Angie’s List Swipes Left on IAC; Homerun Earnings for Home Depot; Dick’s Sporting Goods on a Losing Streak

Nobody puts Angie’s List in a corner…

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Image courtesy of suphakit73/FreeDigitalPhotos.net

If boardroom walls could talk, I wonder what they would say about Angie’s List putting the kibosh on Barry Diller’s IAC proposal to buy the home services directory. IAC offered up $8.75 a share, totaling $512 million, to add Angie’s List to its growing portfolio of online companies. IAC argues that its offer – which was unsolicited, btw – is a 50% premium on Angie’s List share price. However, Angie’s List begs to differ and says that the  unsolicited proposal, was a paltry 10% premium on its share price. So what gives? Well, that depends on which day we are discussing, I suppose. One month before IAC’s unsolicited offer, shares of Angie’s List closed at $5.78. In which case the $512 million offer would indeed represent a 50% premium on the share price. However, shares of Angie’s List closed at $7.84 on November 10, which means that a $512 million offer would then represent a paltry 10% premium. In any case, the deal’s not going to happen for several reasons and one of them, as Angie’s List CEO Scott Durchlag explains, is because the benefits are one-sided. And not the side Angie’s List is on. His board of directors unanimously agreed with him. IAC already owns Angie’s List competitor Home Advisor and last week picked up Tinder, together with its parent company, Match Group.

If you build it, they will come…

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Image courtesy of Idea go/FreeDigitalPhotos.net

According to the National Association of Home Builders, sentiments are not just up, they are at record highs. Those sentiments are all part of the the joy we call a housing recovery which is extremely good news. Especially for Home Depot, who just announced its earnings much to the fiscal glee of investors. The company announced better than expected sales and even expects its full-year earnings to fall at the top end of its forecasts at around $15.36. Which is especially awesome since so many companies lately have been reducing their’s (see below). Not only did shares of the home improvement chain rise today, but its shares are up 15% for the year too. Sales at Home Depot rose 6.4% coming at $21.82 billion, missing predictions by a $10 million smidgeon. But does that really matter when profits rose 12%, hitting $1.73 billion and adding $1.36 per share? Well…it’s not my place to say. But still, analysts only expected $1.32. You see, it all evens out in the end. Sort of. Even online sales are up  25%, though they only account for 5% of all sales. But hey, money is money.  Apparently these great earnings are courtesy of builders and amateurs alike, who are scrambling to Home Depot stores lately given the rise in housing turnover, with prices of homes on the rise. That may not bode well if you’re in the market for a new place to rest your head, but if you’re selling, this could be your lucky quarter.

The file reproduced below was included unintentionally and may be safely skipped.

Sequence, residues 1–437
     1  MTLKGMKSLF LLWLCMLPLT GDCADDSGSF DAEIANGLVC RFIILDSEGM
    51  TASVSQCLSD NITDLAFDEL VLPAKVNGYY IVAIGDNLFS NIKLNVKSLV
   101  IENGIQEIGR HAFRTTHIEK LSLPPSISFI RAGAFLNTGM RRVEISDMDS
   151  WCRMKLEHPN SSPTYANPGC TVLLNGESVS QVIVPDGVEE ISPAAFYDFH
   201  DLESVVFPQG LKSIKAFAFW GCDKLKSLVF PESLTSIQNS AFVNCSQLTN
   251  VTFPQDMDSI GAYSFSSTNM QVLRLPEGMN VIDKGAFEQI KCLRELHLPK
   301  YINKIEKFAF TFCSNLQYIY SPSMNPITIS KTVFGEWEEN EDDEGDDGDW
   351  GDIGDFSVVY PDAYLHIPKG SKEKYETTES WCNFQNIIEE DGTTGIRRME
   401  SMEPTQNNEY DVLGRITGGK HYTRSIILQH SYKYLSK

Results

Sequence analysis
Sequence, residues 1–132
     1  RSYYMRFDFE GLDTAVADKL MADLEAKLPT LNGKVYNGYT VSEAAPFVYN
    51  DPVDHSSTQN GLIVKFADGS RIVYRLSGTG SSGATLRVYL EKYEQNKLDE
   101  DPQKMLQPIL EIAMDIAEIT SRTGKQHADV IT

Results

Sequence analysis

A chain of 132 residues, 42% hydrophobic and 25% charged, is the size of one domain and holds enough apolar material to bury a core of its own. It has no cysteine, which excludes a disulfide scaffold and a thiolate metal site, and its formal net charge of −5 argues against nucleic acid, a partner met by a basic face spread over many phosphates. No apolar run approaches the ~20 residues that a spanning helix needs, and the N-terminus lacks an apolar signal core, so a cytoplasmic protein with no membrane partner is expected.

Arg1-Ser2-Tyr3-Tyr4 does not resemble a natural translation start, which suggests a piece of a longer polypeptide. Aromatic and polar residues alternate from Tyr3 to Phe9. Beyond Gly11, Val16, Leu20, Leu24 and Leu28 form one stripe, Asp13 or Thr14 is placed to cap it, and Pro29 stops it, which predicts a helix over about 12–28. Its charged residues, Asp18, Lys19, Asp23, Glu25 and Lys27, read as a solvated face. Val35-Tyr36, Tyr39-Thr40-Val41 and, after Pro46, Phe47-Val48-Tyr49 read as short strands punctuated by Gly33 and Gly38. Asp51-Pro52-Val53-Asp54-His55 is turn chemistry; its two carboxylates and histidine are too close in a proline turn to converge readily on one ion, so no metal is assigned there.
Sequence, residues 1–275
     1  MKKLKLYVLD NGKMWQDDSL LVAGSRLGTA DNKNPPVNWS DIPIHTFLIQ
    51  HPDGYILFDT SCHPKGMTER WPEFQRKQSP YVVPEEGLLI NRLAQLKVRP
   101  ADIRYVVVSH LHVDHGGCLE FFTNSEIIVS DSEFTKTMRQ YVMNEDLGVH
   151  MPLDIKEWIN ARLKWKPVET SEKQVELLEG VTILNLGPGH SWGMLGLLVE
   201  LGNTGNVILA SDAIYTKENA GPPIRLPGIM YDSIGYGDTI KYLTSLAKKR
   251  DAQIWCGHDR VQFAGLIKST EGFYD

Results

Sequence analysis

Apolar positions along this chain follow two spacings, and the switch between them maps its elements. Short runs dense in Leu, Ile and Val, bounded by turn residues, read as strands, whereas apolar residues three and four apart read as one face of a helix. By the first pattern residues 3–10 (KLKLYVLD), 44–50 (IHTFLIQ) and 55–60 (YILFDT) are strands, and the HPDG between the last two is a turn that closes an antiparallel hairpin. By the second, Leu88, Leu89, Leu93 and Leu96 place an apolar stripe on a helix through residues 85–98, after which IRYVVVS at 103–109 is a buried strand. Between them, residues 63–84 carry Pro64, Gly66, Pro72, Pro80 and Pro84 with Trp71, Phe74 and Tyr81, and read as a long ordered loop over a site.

Striking out…

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Image courtesy of Idea go/FreeDigitalPhotos.net

You know whose shares aren’t up? Dick’s Sporting Goods. In fact, its shares have hit a four year low and are down about 18% for the year. To make matter worse, the company has had to reduce its full-year earnings forecast. Nothing says fiscal disaster quite like reducing forecasts. Now, instead of hoping to add between  $3.13 – $3.21 per share, the company is hoping (and praying, no doubt) that it pulls down $2.85 – $3.00 per share. Even analysts had initially expected that company to earn $3.18 per share for the year. And what or whom, you might be wondering, is Dick’s Sporting Goods blaming – other than itself –  for their abysmal earnings? If you guessed mother nature and her unusually warm autumn , then you are absolutely correct. Apparently, Dick’s seasonal items didn’t fly of the shelves as hoped, just like at Macy’s and other retailers, since the weather was warmer and consumers didn’t feel compelled to get toasty. Incidentally, Dick’s clothing and shoes fared a bit better with sales creeping up 0.4%. Hey, Dick’s will take what it can get. But the company did admit to having too much inventory – 13% more than last year – and are looking to get rid of it. Good luck with that. Dick’s pulled down $1.64 billion in revenue  when analysts predicted numbers closer to $1.67 billion. The company also scored a profit of $4.72 million, adding 45 cent per share, which was a 4% drop over this time last year. Analysts, by the way, would have preferred to see another penny added to those shares. Oh well.

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